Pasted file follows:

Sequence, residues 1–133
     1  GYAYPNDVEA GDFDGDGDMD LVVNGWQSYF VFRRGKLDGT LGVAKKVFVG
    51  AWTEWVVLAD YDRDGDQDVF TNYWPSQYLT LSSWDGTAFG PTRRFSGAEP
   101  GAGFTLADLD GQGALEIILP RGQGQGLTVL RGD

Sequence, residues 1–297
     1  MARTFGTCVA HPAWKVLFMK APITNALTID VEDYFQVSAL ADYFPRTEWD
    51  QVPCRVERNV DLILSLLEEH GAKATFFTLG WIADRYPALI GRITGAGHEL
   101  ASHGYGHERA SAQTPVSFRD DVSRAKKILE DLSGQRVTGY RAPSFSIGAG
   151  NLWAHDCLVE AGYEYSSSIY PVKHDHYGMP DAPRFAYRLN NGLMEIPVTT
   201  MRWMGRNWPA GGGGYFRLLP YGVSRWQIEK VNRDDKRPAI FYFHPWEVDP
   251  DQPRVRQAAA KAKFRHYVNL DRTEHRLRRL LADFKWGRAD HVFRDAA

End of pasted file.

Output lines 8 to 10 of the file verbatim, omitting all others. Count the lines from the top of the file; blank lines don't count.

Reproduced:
   101  ASHGYGHERA SAQTPVSFRD DVSRAKKILE DLSGQRVTGY RAPSFSIGAG
   151  NLWAHDCLVE AGYEYSSSIY PVKHDHYGMP DAPRFAYRLN NGLMEIPVTT
   201  MRWMGRNWPA GGGGYFRLLP YGVSRWQIEK VNRDDKRPAI FYFHPWEVDP